Last week I was doing some consulting work on Wowza Media Server for the Harvard Library, and I noticed there are some issues about streaming protocols which often aren’t well understood. To help clarify them in my own mind, and hopefully provide a useful resource for others, I’ve put a page on Basics of Streaming Protocols on my business website.
If you notice anything that’s wrong or confusing, please let me know.
Yesterday I posted about the WebP still image format, expressing some skepticism about how easily it will catch on. Its companion format for video, WebM, may stand a better chance, though. Images aren’t exciting any more; JPEG delivers photographs well enough, PNG does the same for line art, and there isn’t a compelling reason to change. Video is still in flux, though, and the high bandwidth requirements mean there’s a payoff for any improvements in compression and throughput. The long-running battle among HTML5 stakeholders over video shows that it’s far from being a settled area. Patents are a big issue; if you implement H.264, you have to pay money. Alternatives are attractive from both a technological and an economic standpoint.
With Google pushing WebM and having YouTube, there’s a clear reason for browser developers to support it. YouTube plans to use the new WebM codec, VP9, once it’s complete. I haven’t seen details of the plan, but most likely YouTube will make the same video available with multiple protocols and query the browser’s capabilities to determine whether it can accept VP9. If the advantage is real and users who can get it see fewer pauses in their videos, more browser makers will undoubtedly join the bandwagon.
Long Tail Video has an interesting page on the state of HTML5 video. Their view is filtered through their own product, but it’s still a nice job of covering current trends.
Posted in Links
Tagged HTML, html5, video
Just last weekend I got my first Blu-Ray disk and found that it came with a warning that if I didn’t have the latest software updates on my player, it might not play. (It did play, being far older than my player.) This annoyed me enough that I’m glad to hear of an open-source, non-DRM alternative to Blu-Ray in the works. Lib-Ray is a project to create a high-definition video standard with “no DRM,” “no region codes,” “no secrets,” and “no limits.” There’s a Kickstarter page looking for funding for the project.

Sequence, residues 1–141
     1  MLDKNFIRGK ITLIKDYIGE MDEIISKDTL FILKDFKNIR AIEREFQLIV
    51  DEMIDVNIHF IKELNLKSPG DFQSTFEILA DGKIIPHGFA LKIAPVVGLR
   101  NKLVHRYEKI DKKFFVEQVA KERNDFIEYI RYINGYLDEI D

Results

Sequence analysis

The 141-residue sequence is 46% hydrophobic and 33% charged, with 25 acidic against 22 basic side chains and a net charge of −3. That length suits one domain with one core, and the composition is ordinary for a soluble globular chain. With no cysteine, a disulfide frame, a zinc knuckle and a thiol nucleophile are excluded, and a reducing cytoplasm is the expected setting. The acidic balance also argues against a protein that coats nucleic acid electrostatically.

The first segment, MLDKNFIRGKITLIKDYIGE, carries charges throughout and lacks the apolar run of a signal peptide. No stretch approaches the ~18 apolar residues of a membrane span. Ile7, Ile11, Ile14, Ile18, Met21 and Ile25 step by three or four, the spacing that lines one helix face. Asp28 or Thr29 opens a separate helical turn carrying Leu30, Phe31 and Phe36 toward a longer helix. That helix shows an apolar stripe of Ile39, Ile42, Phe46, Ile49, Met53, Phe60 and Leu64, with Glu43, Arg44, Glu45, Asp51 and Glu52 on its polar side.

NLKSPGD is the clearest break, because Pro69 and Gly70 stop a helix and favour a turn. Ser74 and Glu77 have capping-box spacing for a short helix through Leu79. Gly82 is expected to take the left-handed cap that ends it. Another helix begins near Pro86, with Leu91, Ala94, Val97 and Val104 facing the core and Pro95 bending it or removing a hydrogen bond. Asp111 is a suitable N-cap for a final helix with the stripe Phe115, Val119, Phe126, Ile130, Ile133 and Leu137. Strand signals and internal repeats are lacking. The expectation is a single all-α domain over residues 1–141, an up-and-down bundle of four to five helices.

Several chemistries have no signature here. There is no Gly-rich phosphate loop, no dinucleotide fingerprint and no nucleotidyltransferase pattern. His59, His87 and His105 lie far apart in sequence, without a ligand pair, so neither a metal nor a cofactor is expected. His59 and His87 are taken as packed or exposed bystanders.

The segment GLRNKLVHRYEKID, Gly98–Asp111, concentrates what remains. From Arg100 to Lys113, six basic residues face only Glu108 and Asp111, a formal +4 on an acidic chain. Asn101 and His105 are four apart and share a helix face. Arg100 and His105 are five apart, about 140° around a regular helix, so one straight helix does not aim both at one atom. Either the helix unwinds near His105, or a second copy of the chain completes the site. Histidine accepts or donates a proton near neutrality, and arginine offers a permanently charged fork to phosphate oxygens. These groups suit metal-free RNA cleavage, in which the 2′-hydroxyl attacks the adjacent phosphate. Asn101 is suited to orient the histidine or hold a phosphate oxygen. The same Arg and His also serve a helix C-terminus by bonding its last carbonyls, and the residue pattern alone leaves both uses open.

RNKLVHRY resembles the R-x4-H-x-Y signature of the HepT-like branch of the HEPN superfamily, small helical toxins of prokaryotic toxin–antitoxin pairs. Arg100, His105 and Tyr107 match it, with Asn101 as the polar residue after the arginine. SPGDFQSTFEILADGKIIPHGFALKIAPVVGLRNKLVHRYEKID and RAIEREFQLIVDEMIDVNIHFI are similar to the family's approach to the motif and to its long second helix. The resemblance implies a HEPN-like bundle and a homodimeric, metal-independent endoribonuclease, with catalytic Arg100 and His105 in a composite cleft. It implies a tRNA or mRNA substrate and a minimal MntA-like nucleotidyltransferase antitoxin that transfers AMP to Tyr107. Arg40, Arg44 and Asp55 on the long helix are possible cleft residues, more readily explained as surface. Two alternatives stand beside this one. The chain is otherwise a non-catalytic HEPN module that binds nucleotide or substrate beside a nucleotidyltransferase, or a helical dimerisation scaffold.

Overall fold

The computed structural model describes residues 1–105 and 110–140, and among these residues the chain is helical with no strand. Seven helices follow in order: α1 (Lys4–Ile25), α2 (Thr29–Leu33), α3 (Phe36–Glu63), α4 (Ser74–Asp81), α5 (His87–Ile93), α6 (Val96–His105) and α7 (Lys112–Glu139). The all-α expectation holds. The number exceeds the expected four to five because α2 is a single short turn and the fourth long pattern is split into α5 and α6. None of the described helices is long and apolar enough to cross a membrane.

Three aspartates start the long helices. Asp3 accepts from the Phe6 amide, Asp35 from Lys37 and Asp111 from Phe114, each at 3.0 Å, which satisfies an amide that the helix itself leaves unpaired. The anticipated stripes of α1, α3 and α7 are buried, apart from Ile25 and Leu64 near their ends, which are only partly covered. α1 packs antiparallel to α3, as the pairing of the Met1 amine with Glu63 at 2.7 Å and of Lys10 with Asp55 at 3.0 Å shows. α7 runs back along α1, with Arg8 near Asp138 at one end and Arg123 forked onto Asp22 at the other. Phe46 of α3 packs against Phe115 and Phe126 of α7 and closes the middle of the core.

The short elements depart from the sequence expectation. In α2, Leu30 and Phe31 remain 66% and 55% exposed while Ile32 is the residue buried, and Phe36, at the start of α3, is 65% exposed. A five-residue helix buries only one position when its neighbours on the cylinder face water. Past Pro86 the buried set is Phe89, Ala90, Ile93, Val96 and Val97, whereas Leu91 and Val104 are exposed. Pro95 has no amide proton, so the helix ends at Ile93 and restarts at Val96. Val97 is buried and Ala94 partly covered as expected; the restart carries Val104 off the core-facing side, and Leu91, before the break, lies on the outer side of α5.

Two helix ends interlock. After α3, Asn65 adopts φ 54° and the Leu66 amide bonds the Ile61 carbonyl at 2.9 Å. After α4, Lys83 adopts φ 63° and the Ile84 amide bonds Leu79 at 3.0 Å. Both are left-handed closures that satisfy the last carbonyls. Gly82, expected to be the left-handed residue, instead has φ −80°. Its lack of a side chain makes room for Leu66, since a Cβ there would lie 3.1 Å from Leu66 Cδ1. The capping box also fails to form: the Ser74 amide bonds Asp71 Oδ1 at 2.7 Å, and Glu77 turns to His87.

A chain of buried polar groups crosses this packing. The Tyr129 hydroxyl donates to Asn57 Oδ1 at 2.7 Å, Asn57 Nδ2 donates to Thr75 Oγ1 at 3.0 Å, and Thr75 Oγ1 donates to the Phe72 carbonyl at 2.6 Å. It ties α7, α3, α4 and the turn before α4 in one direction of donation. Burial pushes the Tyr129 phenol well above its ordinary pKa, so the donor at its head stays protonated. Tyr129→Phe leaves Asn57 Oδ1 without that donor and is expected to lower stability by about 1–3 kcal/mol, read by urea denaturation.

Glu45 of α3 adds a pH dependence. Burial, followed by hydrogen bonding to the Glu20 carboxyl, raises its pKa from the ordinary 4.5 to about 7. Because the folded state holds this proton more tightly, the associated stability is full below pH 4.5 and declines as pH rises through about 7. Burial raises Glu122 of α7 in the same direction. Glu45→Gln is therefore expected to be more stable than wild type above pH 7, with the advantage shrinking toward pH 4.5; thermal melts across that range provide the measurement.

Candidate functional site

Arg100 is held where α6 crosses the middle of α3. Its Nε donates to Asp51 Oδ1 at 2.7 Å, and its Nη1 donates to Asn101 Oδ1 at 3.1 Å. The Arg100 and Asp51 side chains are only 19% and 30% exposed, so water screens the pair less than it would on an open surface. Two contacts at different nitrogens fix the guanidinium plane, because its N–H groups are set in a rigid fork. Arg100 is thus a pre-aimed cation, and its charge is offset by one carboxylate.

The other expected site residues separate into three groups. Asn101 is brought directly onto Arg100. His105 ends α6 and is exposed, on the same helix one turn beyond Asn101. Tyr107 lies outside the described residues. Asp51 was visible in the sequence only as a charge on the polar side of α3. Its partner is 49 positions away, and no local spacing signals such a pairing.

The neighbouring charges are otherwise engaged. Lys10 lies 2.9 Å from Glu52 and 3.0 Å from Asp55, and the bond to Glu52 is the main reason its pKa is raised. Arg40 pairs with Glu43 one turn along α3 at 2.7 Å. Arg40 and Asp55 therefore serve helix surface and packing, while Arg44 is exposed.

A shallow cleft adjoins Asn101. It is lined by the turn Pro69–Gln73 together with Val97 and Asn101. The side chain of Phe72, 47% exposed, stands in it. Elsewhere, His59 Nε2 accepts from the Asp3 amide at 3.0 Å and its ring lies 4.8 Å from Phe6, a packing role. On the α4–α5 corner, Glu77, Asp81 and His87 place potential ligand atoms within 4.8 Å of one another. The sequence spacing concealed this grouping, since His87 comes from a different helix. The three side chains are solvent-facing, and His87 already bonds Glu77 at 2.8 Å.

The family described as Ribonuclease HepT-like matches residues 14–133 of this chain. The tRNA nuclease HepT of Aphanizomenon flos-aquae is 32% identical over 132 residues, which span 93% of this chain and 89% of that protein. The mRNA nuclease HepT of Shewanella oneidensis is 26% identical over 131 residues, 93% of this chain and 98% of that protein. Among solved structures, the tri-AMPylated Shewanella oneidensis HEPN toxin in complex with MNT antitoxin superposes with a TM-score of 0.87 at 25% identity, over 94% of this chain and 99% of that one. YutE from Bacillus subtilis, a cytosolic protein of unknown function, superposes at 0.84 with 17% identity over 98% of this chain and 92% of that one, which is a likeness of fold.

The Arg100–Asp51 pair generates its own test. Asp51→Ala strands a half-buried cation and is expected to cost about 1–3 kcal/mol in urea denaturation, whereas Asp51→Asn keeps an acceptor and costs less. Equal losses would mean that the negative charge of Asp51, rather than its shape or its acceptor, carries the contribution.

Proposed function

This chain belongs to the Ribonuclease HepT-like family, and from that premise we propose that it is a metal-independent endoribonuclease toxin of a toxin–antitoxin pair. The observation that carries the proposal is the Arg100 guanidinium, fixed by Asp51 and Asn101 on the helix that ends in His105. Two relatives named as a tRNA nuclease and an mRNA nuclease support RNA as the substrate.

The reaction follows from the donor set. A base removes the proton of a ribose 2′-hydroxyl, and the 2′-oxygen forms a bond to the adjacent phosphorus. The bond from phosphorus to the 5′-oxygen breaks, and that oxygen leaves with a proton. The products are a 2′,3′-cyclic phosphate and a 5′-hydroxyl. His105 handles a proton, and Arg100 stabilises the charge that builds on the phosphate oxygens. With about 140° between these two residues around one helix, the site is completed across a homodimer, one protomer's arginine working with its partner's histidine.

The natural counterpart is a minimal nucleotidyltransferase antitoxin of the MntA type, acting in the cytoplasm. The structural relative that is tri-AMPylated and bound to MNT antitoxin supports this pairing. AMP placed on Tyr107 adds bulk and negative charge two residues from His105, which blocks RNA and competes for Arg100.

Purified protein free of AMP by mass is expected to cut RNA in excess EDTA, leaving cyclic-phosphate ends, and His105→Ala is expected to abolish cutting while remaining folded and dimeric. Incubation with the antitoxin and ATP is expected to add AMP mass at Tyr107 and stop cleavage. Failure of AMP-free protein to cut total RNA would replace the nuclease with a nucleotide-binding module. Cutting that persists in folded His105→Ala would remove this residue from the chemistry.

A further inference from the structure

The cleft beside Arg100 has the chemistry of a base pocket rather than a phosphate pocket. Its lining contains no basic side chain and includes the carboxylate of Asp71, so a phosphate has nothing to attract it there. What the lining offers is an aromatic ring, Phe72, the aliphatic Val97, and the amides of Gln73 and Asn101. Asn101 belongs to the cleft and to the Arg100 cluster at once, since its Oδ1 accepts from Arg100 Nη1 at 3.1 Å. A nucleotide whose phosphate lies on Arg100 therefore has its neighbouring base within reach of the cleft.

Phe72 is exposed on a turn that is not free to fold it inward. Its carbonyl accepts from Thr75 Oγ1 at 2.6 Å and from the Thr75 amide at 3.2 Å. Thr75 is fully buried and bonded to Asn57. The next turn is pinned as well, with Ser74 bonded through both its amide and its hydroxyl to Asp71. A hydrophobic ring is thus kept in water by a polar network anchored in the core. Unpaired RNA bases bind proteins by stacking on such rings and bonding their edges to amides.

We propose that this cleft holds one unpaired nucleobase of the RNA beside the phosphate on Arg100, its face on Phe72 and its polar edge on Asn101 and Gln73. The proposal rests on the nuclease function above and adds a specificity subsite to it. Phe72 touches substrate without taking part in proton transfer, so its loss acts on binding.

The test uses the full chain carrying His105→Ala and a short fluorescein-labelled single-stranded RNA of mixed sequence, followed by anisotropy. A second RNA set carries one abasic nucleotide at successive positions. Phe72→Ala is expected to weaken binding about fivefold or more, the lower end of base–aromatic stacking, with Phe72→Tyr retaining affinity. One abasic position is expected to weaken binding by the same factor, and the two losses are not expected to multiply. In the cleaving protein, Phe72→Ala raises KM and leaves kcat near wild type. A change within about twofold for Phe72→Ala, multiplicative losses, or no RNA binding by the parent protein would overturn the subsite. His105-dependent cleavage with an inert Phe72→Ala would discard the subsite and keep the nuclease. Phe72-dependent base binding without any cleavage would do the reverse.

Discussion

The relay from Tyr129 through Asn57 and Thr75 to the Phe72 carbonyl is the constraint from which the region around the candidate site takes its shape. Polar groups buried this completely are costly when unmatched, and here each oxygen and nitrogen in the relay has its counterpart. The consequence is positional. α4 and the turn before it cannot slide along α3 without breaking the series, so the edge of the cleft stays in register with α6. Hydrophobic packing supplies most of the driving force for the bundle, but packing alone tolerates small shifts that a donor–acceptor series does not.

According to the current specification, Lib-Ray uses the Matroska (MKV) container format.
Creating a mass market for Lib-Ray player boxes sounds like a long shot, but it’s easy enough to imagine open-source software being developed and distributed that would let any modern computer play the disks. This could be a boon to anyone who wants to distribute high-quality video discs without DRM.
Some articles on Lib-Ray:
There’s an entry on the W3C blog about the state of HTML5 video. The most significant point is that “we still don’t have a baseline video codec for HTML5.” Without that, it’s silly to talk about HTML5 as an alternative to Flash or any other kind of video presentation. Microsoft is pushing H.264, and IE9 will support only H.264 under HTML5. Mozilla is going with Ogg Theora. Both codecs have patent issues, limiting the opportunities for third parties to fill in the gap. Both have enthusiastic advocates.
The Browser Wars are back.